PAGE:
Coping with children’s common cold

What is a cold?

The common cold is a viral infection of the nose and throat. There are over 200 different viruses that can cause a cold to develop.

What are the symptoms of the common cold?

The most common symptoms of a cold are nasal congestion, runny nose, sneezing, coughing, and possibly a low grade fever.

How often do children come down with a cold?

To many parents, it may seem like their babies are sick all of the time. This is because on average, infants and children can have up to 7-10 colds per year (more if they attend daycare), each one lasting 7-14 days. If your baby catches 10 colds per year and each one lasts 14 days, your child could possibly be sick 140 days (over 1/3) of the year, and that would still be considered normal!

Should I take my child to the doctor to get a prescription for antibiotics if I suspect a cold?

In most cases no. The common cold is caused by a virus. Antibiotics work to treat bacterial infections, NOT viral ones. Most colds resolve on their own after 7-10 days. It is possible, however, that your child may develop a secondary bacterial infection (such as a sinus or ear infection) on top of a cold. If you notice any of the following symptoms you should have your child seen by a doctor:

  • Fever of >39.5C (if baby is <3 months fever of >37.8C) or fever lasting longer than 3 days
  • Symptoms worsening or lasting longer than 10 days
  • Difficulty breathing (flaring of nostrils, rapid breathing, strained neck muscles, bluish lips or finger tips)
  • Earache (pulling at ear) or drainage from ear

How do you help your little one feel better when she is sick?

A few measures that don’t involve medicine can help your child feel significantly better. If possible, try these options first. Medications should only be used as a last resort. Here are some non-drug measures that can help your little one feel better:

  • Saline drops (2-3 drops per nostril as needed) help to relieve congestion. Use of these drops, followed by a nasal aspirator (such as the Hydrasense Nasal Aspirator), can help your child breathe better.
  • Ensure your child is well hydrated by breast/formula feeding often. Have older babies and children drink more sugar-free fluids (water is preferred)
  • Run a cool mist humidifier in your child’s room

When it comes to medication, children are not simply miniature adults. There are many physiological differences between babies, toddlers, young children, and adults, which means that what is safe for one age group may not be for another.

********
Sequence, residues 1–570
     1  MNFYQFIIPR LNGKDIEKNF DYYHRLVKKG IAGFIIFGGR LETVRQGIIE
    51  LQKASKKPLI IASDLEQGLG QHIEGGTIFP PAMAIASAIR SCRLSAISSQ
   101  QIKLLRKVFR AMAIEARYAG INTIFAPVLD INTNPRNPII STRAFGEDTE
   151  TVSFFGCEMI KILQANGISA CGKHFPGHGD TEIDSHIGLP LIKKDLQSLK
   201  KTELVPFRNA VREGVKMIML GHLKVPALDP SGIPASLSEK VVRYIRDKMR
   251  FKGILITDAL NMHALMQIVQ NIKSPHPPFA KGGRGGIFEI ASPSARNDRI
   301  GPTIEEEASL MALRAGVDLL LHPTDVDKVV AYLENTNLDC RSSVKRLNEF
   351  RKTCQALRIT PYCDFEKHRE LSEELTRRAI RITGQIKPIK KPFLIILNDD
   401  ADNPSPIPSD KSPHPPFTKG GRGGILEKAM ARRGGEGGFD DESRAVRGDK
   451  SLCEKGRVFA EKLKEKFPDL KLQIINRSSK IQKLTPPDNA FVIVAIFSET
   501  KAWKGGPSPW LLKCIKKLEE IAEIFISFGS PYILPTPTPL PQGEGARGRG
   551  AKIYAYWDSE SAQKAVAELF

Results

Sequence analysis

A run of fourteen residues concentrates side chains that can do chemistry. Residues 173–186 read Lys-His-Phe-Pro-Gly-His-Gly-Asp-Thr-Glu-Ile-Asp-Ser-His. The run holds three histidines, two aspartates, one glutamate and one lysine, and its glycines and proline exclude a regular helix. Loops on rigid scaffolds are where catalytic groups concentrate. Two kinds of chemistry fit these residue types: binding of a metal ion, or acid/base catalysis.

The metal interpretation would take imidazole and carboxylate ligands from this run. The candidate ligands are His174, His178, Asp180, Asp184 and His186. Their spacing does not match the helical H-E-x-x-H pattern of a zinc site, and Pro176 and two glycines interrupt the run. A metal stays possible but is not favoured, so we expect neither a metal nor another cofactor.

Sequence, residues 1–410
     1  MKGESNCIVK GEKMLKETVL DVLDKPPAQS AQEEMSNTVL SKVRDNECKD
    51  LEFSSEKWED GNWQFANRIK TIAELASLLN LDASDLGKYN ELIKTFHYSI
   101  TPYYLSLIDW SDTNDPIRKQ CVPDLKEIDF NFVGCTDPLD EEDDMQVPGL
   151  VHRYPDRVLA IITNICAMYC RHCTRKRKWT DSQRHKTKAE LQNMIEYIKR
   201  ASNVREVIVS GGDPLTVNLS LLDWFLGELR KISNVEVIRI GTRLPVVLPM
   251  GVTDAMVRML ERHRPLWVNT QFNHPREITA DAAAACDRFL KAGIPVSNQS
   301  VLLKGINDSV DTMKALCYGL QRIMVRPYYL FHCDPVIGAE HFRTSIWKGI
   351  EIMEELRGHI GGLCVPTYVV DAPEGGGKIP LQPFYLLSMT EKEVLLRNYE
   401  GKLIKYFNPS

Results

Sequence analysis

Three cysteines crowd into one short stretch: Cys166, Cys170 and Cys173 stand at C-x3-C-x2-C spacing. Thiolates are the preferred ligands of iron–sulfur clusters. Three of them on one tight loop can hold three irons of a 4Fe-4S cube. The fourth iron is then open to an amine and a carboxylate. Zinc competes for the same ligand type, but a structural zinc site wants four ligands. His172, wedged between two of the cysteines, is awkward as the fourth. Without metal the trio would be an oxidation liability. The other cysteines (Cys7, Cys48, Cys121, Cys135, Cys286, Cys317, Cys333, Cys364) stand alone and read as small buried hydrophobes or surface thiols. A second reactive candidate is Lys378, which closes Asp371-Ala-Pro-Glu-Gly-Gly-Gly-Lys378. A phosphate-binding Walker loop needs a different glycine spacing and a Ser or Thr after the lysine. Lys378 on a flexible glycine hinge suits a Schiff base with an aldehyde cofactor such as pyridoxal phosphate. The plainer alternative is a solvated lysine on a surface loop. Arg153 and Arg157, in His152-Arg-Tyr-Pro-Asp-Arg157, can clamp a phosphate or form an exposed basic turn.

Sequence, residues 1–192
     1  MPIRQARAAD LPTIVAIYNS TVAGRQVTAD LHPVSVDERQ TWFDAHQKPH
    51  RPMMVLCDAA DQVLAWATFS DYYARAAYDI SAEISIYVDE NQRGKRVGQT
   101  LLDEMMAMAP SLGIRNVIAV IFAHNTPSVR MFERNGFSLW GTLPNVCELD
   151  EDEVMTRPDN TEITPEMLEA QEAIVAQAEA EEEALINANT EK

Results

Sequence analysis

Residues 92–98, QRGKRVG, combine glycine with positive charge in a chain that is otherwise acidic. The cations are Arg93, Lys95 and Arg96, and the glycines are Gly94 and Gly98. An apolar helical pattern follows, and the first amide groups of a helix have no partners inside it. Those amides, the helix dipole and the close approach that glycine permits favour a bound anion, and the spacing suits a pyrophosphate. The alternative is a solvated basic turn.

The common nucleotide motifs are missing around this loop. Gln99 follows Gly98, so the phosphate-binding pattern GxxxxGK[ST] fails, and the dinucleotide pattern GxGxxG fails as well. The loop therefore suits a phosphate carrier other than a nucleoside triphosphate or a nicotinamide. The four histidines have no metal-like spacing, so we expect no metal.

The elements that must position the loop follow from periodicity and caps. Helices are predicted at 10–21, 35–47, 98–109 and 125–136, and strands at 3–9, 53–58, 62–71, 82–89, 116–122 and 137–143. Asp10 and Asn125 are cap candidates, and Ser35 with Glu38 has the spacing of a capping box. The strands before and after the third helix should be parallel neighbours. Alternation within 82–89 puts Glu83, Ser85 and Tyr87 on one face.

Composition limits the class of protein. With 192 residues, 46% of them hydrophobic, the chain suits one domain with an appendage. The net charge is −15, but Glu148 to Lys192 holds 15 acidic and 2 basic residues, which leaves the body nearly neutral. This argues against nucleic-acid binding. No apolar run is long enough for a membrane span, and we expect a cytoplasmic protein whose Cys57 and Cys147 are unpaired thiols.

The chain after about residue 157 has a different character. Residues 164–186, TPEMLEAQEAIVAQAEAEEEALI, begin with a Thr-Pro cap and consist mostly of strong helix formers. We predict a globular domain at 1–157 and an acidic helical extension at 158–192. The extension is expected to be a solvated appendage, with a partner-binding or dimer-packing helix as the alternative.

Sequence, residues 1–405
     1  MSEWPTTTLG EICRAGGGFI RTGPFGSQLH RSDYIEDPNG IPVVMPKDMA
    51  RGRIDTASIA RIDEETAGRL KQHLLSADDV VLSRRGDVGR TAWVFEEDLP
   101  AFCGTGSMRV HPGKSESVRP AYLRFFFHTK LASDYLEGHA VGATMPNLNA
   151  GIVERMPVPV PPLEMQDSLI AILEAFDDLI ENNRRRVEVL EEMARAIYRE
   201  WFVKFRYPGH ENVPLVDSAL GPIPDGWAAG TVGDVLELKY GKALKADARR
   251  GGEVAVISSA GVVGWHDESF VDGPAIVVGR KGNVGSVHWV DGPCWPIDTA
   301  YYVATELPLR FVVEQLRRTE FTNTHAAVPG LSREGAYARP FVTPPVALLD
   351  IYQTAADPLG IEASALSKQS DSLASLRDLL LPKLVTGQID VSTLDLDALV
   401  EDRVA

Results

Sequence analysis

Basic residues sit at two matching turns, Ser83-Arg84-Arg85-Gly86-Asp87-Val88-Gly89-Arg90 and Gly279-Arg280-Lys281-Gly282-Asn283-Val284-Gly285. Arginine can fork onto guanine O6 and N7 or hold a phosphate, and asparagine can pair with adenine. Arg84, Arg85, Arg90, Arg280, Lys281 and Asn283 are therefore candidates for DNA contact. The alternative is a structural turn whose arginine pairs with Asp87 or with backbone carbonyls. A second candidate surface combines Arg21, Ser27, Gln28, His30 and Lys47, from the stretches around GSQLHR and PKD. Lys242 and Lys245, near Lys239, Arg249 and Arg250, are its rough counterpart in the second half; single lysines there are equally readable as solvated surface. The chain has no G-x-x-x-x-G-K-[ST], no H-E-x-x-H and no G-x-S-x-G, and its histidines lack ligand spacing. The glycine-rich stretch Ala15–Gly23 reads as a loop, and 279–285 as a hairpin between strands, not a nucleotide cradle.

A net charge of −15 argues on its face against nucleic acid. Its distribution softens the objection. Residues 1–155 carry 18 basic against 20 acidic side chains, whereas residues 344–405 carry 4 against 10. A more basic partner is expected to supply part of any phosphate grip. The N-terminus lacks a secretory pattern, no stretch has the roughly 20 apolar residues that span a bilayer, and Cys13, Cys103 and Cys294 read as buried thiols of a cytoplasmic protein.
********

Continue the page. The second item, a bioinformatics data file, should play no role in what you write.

In 2008, Health Canada made the decision that cough and cold products should not be used in children under the age of 6. The reasons behind this change were many, including:

  • Lack of evidence that cough and cold products were effective in this age group
  • Evidence of misuse, overdose and rare-side effects raised concern about children’s safety
  • Inability of children to communicate side effects of these medications

When it comes to medications to help treat cold symptoms in children under the age of 6, there are only two available over-the-counter: acetaminophen and ibuprofen. These can both be used for pain (sore throat/headache etc.) and fever (temperature of >37.2 C) when treating common cold symptoms. Ibuprofen can be used to treat inflamed, swollen nasal passages associated with congestion. See the chart below for more information on these medications.

Medication (generic name/brandname) Ages Uses Time Between Doses Max .# doses/24hrs Administer Do not use in:
AcetaminophenTylenol®, Tempra® 0+ months fever, pain 4-6 hours 5 With or without food Those with liver disease, kidney disease or allergies to any ingredient.
IbuprofenAdvil®, Motrin® 6+ months fever, pain, inflammation 6-8 hours 4 With food Those with an allergy to aspirin or any ingredient. Caution in those with asthma.

*Aspirin should never be used in anyone under the age of 18 due to the risk of Reye’s Syndrome, a serious condition that may result in death.

All medications should be used sparingly in children, as they are not without side effects. Ask your pharmacist to help you identify which medication will work best for your child, and how to administer the correct dose. 

Share
Top of Page